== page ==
But paying someone a salary and calling them a manager (or some other authoritative title) does not make them exempt if they do not also pass the duties test for an FLSA exemption.

This mistake is expensive. When non-exempt employees are misclassified as exempt, they are entitled to recover all of the overtime they should have been paid during the preceding two years. Plus, they can recover an additional equal amount as liquidated damages and their attorney’s fees and court costs. These costs are compounded when multiple employees are at issue. And, as was the case in Patel lawsuit, employers can also be ordered to implement other remedial measures such as training.

The DOL’s recent rulemaking actions provide an additional reason for employers to pay close attention to these FLSA exemption issues. On July 6, 2015 the DOL proposed a rule that would raise the salary basis test from around $23,600.00 per year to approximately $50,000.00 per year. If implemented, the new rule would greatly reduce the number employees who would be exempt under the law.

As the Patel case confirms, FLSA exemption mistakes are costly. And, based on recent DOL activity, those mistakes could get even more expensive in the future.

If you are an employer that is wondering if your employees are properly classified under the FLSA, or if you are an employee who wonders if you have been misclassified and underpaid, please contact me at alexandriamnlaw.com or  taj@alexandriamnlaw.com.

The comments posted in this blog are for general informational purposes only. They are not to be considered as legal advice, and they do not establish an attorney-client relationship. For legal advice regarding your specific situation, please consult your attorney.

Copyright 2015 Swenson Lervick Syverson Trosvig Jacobson Schultz Cass, PA

September 12, 2014

FLSA: counting the cost locally

Posted in Exempt/Non-Exempt Employees, Fair Labor Standards Act, Overtime tagged , , , , , , at 11:08 am by Tom Jacobson

time clockA Douglas County, MN employer recently learned a costly lesson when it misunderstood who is and is not exempt from the overtime pay requirements of the Fair Labor Standards Act (FLSA).

In this case, an employee was given a “manager” title and paid a fixed salary, but the employee alleged that his duties were primarily custodial and customer service and did not fit within any exemption allowed by the FLSA. Applying the formula set by FLSA regulations, the employee converted his “salary” to an hourly rate ranging from $11.61 to $13.54 with an overtime premium ranging from $5.81 to $6.77 per hour.

Failing to pay an employee an additional $5.81 to $6.77 per hour may not seem like a terribly expensive mistake, but in this case the employee had evidence suggesting that he had worked about 640 hours of unpaid overtime during his last year of employment. This calculated to approximately $3,800.00 of unpaid overtime, but that wasn’t the end of the story. The FLSA also allows an employee to double the amount of unpaid back wages as liquidated damages, so using the employee’s figures, the $3,800.00 became $7,600.00.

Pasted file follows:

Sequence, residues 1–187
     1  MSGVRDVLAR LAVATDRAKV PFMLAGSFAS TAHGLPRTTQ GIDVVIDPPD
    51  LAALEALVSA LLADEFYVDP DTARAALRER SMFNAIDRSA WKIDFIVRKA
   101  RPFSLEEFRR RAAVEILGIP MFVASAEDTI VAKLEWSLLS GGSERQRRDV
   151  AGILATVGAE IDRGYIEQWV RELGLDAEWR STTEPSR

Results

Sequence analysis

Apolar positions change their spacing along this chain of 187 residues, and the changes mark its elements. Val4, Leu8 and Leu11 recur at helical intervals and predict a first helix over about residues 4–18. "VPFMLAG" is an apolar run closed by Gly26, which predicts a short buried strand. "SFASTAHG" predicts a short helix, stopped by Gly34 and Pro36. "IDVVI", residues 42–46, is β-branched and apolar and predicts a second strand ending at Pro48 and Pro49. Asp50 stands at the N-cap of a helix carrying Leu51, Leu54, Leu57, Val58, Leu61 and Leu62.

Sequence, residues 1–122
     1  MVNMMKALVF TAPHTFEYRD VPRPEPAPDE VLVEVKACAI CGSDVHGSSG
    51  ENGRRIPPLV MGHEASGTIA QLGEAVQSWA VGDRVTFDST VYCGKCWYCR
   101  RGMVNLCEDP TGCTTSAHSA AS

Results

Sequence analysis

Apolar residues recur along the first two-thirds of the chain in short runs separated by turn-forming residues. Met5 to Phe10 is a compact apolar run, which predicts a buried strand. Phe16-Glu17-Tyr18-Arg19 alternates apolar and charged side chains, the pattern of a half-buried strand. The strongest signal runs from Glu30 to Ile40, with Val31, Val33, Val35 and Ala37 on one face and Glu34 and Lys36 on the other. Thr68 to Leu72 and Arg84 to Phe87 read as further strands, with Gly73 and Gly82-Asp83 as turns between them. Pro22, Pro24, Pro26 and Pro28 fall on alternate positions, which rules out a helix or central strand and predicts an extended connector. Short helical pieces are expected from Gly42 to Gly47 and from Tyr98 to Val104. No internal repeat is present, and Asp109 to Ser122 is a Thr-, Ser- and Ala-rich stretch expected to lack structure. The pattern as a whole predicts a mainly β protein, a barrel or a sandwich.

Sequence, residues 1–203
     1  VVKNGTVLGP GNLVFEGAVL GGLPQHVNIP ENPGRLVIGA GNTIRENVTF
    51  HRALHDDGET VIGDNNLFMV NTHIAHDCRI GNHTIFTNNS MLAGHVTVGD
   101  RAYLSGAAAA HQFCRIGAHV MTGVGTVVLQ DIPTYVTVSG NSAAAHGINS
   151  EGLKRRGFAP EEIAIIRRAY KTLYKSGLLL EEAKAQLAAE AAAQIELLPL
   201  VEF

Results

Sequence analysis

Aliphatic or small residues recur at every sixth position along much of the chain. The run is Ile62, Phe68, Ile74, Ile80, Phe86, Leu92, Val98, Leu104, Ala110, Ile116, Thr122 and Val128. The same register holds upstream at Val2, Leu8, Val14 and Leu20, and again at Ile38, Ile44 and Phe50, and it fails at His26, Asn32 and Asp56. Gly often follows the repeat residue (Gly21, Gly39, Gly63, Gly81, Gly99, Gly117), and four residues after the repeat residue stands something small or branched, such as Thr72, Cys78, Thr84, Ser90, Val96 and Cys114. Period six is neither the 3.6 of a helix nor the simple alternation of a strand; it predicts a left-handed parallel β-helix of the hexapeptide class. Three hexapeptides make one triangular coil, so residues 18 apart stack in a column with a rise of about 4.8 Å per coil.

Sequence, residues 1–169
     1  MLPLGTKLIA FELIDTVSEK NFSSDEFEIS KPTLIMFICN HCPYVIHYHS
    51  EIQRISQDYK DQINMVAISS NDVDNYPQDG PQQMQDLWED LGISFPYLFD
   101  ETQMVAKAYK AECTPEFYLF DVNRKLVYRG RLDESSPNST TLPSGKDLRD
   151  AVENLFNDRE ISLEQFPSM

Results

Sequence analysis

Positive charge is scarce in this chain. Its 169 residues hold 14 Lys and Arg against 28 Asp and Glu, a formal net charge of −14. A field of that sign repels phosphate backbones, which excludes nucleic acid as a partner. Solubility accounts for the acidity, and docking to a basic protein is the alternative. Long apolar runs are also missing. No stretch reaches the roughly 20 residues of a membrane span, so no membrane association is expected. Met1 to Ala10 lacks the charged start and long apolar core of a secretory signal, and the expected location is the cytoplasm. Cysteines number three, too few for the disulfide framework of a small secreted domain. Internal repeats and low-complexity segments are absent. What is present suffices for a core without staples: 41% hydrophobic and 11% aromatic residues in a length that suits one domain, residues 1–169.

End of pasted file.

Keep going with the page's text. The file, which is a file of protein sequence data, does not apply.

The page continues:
To compound the problem, the employee claimed that the employer also withheld $1,300.00 of the his final wages in violation of Minn. Stat. § 181.13, thus triggering the 15 day wage penalty of that statute. This added another $1,700.00 to the employee’s claim.

Because these laws also allow the employee to recoup his attorney’s fees incurred in trying to recover his wages, he tacked them on as well. Those fees exceeded $4,000.00.

Thus, the employee argued that the employer’s $6.00 per hour mistake became a liability exceeding $14,000.00 (excluding the employer’s own attorney’s fees incurred in defending the claim). The case was eventually settled out of court with a confidential agreement between the parties.

The case illustrates how costly it can be when an employer improperly classifies a non-exempt employee as exempt under the FLSA. Simply calling someone a “manager” and paying her a fixed salary does not automatically make her exempt from overtime. This is because exemptions are highly dependent on the employee’s actual duties, not her title and form of pay. And, while an hour of unpaid overtime may not seem like a huge risk, when those hours accumulate over time and are doubled as liquidated damages, a few dollars can quickly become several thousand, especially when attorney’s fees and court costs are added. Moreover, it’s a much greater problem if multiple employees are involved.

For more information about FLSA exemptions, please contact me at alexandriamnlaw.com or taj@alexandriamnlaw.com.

The comments posted in this blog are for general informational purposes only. They are not to be considered as legal advice, and they do not establish an attorney-client relationship. For legal advice regarding your specific situation, please consult your attorney.